Well, it’s always a good time to think about vitamin D, but since we’re heading into November fast, its now that those great vitamin D levels of the summer (that is, if you actually got out into the sun this summer) start waning. Vitamin D is used in a myriad of mechanisms throughout the body. Since you’re been paying attention to this blog, you know how important it is.

The ‘new’ things in this post aren’t all that different than what you’ve been hearing me harp on for months now, but I did come across a few things I hadn’t seen:

Keep that 25 (OH) Vitamin D level above 40ng/ml. You can thank me later.

Sean Croxton at Underground Wellness has done it again. Careful readers of my blog will know I refer to him frequently and read him often. He recently interviewed Julie Matthews. Ms. Matthews is the author of Nourishing Hope for Autism.

Nourishing Hope for Autism: Nutrition Intervention for Healing Our Children

As friends of parents of children who are living with autism, I have a very tenuous, tangential view of the challenges families raising children with autism have.

Ms. Matthews offers a refreshing view on the genesis of autism and approaches that can ameliorate the condition. Given the explosion of autism diagnoses in recent years, this is a topic that will likely touch us all.

Take a listen to the interview and my hope it this will at least educate you and at best provide some help.

See more about Ms. Matthews work at http://nurishinghope.com.

Fish oil–goood!

July 20, 2010

Now some welcome news for a change. this one comes from the good ‘ol mainstream press:

Fish Oil Supplements Linked to Lower Risk of Breast Cancer

Seems researchers found a strong correlation between reduced breast cancer risk and regular supplementation with fish oil. The study was conducted by the Fred Hutchinson Cancer Research Center a short drive from my house in Seattle (was that too much self-disclosure?).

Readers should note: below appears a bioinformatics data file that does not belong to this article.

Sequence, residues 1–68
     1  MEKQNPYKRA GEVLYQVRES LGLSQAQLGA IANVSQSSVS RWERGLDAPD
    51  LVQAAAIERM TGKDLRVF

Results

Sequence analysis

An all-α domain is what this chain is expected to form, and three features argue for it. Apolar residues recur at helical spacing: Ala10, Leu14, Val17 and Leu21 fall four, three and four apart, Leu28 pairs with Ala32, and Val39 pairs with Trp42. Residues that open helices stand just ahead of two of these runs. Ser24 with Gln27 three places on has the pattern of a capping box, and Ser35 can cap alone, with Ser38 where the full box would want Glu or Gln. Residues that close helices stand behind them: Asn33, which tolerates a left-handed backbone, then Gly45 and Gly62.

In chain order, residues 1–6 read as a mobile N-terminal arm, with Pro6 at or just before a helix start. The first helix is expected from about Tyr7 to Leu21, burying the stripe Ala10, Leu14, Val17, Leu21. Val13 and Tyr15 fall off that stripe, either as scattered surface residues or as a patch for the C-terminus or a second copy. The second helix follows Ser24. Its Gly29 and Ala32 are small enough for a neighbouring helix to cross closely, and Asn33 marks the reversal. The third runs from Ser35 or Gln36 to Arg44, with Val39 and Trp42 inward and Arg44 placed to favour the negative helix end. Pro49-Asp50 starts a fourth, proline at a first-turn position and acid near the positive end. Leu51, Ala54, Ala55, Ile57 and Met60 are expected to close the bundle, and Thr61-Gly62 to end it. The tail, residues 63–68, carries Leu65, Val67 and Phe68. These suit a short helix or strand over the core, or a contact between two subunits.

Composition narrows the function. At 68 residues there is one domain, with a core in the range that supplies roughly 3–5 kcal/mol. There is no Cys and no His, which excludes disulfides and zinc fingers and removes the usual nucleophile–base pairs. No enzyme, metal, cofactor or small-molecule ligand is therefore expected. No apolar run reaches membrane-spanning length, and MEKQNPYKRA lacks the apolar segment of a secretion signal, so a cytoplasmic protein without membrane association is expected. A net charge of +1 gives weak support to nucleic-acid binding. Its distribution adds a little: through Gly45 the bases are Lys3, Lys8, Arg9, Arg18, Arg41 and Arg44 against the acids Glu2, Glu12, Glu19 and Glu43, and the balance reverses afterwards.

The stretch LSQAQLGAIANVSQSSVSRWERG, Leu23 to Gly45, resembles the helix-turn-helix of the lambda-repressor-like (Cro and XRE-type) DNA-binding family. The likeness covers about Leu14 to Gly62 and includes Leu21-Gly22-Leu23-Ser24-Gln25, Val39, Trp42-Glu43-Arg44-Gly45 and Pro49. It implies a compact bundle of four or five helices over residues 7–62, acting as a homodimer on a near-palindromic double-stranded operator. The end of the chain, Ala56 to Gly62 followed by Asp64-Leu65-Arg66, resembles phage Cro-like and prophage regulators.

Here’s the salient finding:

When the researchers looked at the women who took the fish oil supplements, they found they had a 32 percent reduced risk of breast cancer, which appeared to be restricted to invasive ductal breast cancer, the most common type.

It would be disingenuous of me not to point out the shortcomings of this finding (since I’m so quick to point out shortcomings of announcements with which I disagree). This does not appear to have been a controlled study -  these same women who take the fish oil may also practice more healthy behavior overall than those who didn’t take the fish oil. It should also be noted this correlation does not, in and of itself, establish causation (i.e. one can’t infer that taking fish oil causes the reduce incidence of breast cancer).

All that said, I think it’s certainly a worthwhile thing to consider. You know, talk to your doctor and all that.

Here’s the link to the study abstract for good measure. The full text appears to be behind a pay wall, so if you want to see the whole study, you’ll have to bum a copy off of your local neighborhood oncologist.

mmmm mintyp.s. I’m posting this while 36,000 ft over southern Oregon via the extra minty fresh GoGo In-Flight wi-fi service on my flight from San Diego. Will wonders ever cease?

An article on the NPR blog caught my eye today:

Americans Exercise More, But Still Get Fatter

Well, the headline got it right, but when you read the post, you get the same yadda, yadda about ‘lowering caloric input,’ ‘avoiding fat,’ and ‘exercising more.’

Just another reminder to look the other way when you hear the conventional wisdom. There is a new wave coming. Stick with me and I’ll keep you right out front on the leading edge.

Interestingly, the article does not appear with the link above any more. Here’s the article I coped from my

Our workouts aren’t keeping up with our pig-outs.

That fitness routine is soooo not working. More Americans are spending some of their leisure time exercising, yet folks just keeps piling on the pounds.